August 2011, Week 4


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Mon, 22 Aug 2011 20:40:50 -0400
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Victims of Agent Orange/dioxin: 'Agent Orange in
Vietnam was a crime against humanity'

Appeal of the Second International Conference of
Victims of Agent Orange/Dioxin

Hanoi, Socialist Republic of Vietnam


August 9, 2011 -- The Second International Conference
of Victims of Agent Orange/Dioxin, held in Hanoi from
August 8 to 9, 2011, included participants from around
the world: Agent Orange victims, victims of other toxic
chemicals, scientists, lawyers and social activists.
The conference is a significant and important historic
event, marking the 50th anniversary of the first
spraying of the toxic chemical Agent Orange (1961-1971)
by the US forces in Vietnam and Indochina.

The delegates to the conference agree that:

During the Vietnam War, from 1961 to 1971, US forces
through Operation Ranch Hand sprayed nearly 80 million
litrrs of herbicides over South Vietnam, of which 61%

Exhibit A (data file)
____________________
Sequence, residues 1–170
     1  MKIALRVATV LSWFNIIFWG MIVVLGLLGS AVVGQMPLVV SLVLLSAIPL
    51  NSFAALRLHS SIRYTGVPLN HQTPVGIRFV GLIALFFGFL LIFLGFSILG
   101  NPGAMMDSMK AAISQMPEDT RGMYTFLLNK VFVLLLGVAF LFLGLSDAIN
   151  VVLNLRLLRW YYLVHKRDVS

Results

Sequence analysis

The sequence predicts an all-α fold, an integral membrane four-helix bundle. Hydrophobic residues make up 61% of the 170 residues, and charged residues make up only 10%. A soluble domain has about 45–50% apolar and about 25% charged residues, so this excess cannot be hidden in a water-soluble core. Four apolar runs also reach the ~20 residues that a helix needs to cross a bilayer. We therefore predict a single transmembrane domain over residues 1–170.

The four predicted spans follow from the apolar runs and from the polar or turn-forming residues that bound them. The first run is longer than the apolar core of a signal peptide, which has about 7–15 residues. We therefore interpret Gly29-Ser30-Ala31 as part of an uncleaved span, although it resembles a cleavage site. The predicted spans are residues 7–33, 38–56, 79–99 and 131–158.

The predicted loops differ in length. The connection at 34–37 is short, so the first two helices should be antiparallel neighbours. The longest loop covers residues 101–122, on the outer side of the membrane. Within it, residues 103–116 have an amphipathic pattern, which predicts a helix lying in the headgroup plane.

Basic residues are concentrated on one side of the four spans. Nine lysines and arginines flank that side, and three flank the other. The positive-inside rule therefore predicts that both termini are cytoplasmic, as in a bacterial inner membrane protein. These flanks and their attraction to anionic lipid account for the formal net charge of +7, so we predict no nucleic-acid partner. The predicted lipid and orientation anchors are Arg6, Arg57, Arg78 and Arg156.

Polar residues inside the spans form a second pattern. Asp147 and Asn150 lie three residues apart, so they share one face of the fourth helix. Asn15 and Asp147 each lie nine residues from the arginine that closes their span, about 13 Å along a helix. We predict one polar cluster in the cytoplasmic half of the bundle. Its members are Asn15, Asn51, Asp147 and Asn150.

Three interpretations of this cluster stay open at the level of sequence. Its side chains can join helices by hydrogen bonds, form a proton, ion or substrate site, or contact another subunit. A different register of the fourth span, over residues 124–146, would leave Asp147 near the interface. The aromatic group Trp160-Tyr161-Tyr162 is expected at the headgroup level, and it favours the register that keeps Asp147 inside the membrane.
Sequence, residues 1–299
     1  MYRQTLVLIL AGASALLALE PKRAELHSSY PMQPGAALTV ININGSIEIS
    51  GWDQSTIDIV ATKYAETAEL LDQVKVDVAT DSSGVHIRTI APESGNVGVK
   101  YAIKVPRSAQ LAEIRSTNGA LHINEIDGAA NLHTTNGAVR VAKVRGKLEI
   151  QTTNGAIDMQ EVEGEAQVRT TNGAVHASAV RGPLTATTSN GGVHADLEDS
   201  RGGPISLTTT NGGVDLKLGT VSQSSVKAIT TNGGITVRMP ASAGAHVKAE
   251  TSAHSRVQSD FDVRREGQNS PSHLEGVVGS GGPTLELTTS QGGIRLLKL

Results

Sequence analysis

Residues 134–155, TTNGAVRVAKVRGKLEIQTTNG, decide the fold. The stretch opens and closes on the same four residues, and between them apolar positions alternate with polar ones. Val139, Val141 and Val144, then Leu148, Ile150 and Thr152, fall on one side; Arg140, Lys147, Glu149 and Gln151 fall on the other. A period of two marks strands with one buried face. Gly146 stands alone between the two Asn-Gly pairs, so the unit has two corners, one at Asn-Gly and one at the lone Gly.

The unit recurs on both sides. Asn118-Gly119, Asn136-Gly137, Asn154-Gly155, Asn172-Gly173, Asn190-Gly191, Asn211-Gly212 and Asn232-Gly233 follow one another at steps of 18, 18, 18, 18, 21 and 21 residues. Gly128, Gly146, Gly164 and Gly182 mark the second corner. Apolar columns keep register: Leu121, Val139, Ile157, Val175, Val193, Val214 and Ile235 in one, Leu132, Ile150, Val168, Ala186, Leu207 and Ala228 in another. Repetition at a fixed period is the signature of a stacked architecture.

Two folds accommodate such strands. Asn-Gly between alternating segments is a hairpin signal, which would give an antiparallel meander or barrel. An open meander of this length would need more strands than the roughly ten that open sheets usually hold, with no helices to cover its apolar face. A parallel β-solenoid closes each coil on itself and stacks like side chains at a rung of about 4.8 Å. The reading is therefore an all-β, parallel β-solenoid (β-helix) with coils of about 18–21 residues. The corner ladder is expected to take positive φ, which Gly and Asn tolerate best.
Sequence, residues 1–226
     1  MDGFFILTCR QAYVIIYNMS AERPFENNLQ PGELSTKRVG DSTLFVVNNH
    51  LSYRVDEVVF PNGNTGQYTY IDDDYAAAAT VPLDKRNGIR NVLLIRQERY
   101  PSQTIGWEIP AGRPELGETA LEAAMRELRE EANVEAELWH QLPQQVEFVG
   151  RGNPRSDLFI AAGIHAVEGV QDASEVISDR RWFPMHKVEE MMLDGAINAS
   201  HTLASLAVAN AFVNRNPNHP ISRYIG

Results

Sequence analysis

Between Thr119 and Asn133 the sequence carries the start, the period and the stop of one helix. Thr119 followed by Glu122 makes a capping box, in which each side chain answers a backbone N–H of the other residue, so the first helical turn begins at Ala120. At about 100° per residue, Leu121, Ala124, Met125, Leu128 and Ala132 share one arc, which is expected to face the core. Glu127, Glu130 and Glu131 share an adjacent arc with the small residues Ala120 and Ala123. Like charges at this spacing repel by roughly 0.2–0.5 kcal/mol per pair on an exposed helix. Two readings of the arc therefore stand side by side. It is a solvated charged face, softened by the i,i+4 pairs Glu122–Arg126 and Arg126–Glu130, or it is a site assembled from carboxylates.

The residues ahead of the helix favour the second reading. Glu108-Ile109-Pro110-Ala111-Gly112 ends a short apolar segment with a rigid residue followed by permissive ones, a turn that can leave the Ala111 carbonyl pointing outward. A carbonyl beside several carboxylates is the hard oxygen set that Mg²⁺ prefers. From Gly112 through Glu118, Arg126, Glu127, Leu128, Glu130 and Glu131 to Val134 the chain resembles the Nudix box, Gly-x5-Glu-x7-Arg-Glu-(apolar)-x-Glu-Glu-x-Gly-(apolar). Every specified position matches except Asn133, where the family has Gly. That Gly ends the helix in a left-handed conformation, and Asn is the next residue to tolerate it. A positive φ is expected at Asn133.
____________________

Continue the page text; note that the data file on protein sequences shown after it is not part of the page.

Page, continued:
was Agent Orange containing at least 366kg of dioxin,
the most toxic substance known to science.

Since the First International Conference of Victims of
Agent Orange in 2006, there has been greater public
understanding and awareness of the dangers of Agent
Orange/dioxin to humans and to the environment. More
diseases have been officially recognised as being due
to exposure to Agent Orange. Along with the Vietnamese
people, many others around the world have become
victims of this toxic weapon of mass destruction.
Soldiers in the US, South Korea, Australia and New
Zealand were exposed during the time they fought in
Vietnam, and now their children and grandchildren are